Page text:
Are People in Your Neighborhood Going Hungry?

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43 million Americans are going hungry. Can you tell who in your neighborhood is going without food? 1 in every 8 people you pass by on the street could be missing meals.

The latest statistics on hunger from Feeding America tell us:

  • 1 in 8 Americans go hungry every day.
  • 1 in 6 children in the United States don’t have enough to eat.
  • 1 in 12 seniors in the U.S. struggle to access enough food.

Feeding America provides an interactive map of food insecurity in the United States. Check out your district to see how you compare to others. Is your neighborhood hungry? What can you to do change that? How can we make this better?

food-insecurity-map

Easy Ways to Make a Difference for Hunger

Donate Food. Find a local food bank that’s collecting food. Check their website or call and ask what food items they need, but them and deliver them to the food bank. Make sure to check their hours for accepting donations.

Start a Food Drive. Move for Hunger has great information on how to set up a food drive in your area. Check out their tops, find a great location and get your community involved.

Fundraise. Create an online fundraiser and get others involved in raising money for charities solving hunger issues. You can set one up in minutes on JustGive and post your appeal on social media to get your friends and family involved. When someone asks what’s on your holiday gift list, tell them gifts of charity for the hungry would mean the most to you.

Volunteer. Find a local food banks, soup kitchen or rescue mission serving meals and collecting food.  Find a few and call around to see who can use the help and set up a time to go. Their need is ongoing; offer to help as often as you can.

Give.  There are a lot of nonprofits doing great work to fight hunger, and your donation gives them the ability to do more. It doesn’t take much to make a big impact. We have a short list of recommended hunger charities on the JustGive site, and here are a few examples of what your gift can do:

Let’s take action today and do something for the more than 43 million Americans who don’t have enough food to eat . . . so no one goes hungry.

 

YEAR IN REVIEW: A LOOK BACK AT 2014

Image Source: Flickr

Image Source: Flickr

Thanks to your giving and support, JustGive expanded philanthropy and sent more than $30 million to charity in 2014!

We passed a major milestone in May, processing our 1 millionth donation, and are proud that 24 percent of giving came from 2013 donors returning to use the site. We also saw charity gift card purchases grow by 9 percent. To be more accessible and expand our services, we launched our mobile responsive site and added the ability for companies to independently buy a quantity of gift cards.

Here’s a glimpse of our impact—and what we accomplished together—this year.

We’re charging into 2015 eager to do more good, fulfilling our mission to make charitable giving a part of everyday life. Here’s to making more of a difference!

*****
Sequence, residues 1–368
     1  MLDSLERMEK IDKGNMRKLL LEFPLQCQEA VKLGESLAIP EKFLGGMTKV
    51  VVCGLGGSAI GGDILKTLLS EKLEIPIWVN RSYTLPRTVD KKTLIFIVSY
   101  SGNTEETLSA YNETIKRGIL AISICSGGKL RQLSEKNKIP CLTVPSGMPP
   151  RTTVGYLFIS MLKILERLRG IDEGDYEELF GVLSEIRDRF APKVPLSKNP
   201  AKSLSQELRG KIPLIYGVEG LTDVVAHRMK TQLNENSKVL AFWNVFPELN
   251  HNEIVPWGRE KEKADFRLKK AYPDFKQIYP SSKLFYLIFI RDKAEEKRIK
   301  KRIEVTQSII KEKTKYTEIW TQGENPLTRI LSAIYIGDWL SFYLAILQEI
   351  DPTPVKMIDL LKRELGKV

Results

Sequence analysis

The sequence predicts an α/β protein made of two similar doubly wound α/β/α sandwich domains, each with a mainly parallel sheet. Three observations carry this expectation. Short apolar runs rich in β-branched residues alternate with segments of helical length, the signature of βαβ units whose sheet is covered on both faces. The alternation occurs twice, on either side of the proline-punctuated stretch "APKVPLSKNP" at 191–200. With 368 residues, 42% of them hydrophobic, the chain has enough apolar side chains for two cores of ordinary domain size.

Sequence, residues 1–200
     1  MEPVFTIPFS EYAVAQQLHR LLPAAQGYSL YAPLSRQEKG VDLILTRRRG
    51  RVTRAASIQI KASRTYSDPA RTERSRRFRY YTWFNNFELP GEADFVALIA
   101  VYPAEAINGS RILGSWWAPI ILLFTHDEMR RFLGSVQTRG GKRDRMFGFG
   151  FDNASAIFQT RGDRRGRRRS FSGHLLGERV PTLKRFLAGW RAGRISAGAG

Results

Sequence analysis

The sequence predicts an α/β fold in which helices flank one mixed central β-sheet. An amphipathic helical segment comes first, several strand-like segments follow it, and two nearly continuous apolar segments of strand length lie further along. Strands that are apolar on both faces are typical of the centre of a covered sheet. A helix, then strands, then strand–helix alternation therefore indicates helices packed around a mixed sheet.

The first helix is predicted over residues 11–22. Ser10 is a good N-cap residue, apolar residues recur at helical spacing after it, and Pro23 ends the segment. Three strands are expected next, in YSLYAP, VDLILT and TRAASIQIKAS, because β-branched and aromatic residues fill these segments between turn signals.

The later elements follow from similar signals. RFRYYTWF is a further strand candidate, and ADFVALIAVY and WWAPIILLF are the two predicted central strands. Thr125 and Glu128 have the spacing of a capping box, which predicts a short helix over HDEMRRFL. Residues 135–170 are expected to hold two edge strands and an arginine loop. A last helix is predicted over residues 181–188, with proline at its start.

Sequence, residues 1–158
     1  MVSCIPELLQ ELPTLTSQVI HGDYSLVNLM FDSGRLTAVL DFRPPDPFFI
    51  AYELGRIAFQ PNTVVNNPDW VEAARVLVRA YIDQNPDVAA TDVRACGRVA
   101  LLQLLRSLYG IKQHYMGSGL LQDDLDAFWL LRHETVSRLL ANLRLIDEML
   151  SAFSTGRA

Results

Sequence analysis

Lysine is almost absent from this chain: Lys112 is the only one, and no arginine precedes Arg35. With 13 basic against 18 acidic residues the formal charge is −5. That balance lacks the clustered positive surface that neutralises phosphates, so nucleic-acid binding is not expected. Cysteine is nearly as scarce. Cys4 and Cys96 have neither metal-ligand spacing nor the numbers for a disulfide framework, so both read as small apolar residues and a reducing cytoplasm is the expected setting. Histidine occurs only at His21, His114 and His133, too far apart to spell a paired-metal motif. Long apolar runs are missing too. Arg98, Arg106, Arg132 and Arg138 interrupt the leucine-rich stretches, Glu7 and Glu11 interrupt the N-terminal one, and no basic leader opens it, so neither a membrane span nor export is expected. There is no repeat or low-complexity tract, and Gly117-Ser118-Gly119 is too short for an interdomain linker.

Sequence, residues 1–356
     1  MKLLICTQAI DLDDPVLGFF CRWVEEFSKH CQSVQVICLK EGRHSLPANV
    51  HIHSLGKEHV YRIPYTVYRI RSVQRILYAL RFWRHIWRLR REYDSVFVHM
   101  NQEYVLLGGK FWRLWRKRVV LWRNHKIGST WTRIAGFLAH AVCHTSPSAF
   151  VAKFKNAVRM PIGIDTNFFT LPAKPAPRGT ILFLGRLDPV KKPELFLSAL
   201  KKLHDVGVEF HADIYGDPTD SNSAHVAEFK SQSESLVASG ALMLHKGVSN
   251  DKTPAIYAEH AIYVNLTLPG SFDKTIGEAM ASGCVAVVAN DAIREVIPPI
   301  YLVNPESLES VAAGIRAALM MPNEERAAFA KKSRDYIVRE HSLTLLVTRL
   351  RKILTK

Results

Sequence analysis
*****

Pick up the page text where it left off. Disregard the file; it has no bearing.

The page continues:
Help us kick off the year in the best way possible: Set up an automatic monthly donation to your favorite charities today.

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Thank you for giving.

—Andrea Lloyd, Director of Programs

THE MANY FACES OF HOMELESSNESS: HOW YOU CAN HELP

blog_title_image_homelessnessKnowing how to help a homeless person can sometimes feel difficult, confusing and overwhelming. The dollar you give might be used to buy drugs or alcohol. Even offering food can be a problem – imagine handing an apple to a homeless man and then discovering he has no teeth. Just as there are many reasons people become homeless, there are also many ways to help. Understanding the leading causes of homelessness is often the best way to learn what the homeless need and how you can make a positive difference in their lives. The chronically homeless, who often struggle with mental health or substance abuse issues, need a safe and stable living environment where they can get counseling and health care. To help them, consider volunteering at a local shelter or halfway house that provides longer-term housing. Donating clean towels, pillows and blankets can also help create a comfortable and safe living environment. The majority of homeless youth bw_homeless_teens_21461332have been kicked out of their homes or abandoned by parents or guardians. Others who left on their own accord have suffered physical and emotional abuse at the hands of their families. For many, trusting another adult or authority figure can be difficult. One of the best ways to help is to simply ask them what they need. Maybe it’s a hot meal, a warm coat or a clean pair of socks; or maybe it’s information on how to get into foster care, enroll in a drug and alcohol detox program or register for the GED. Taking the time to listen to their needs, and to follow through, can go a long way in helping them regain their trust in others and get off the streets. imm needs housing homelessFor many veterans, physical disability, mental anguish and post-traumatic stress can make readjusting to civilian life very difficult. This can lead to drug and alcohol addiction, the inability to hold down a steady job and homelessness. Because many veterans have very specific needs to help them get back on their feet—job placement services, medical services, housing assistance, counseling—there are numerous ways to get involved. Consider donating your time or money to organizations which help homeless vets: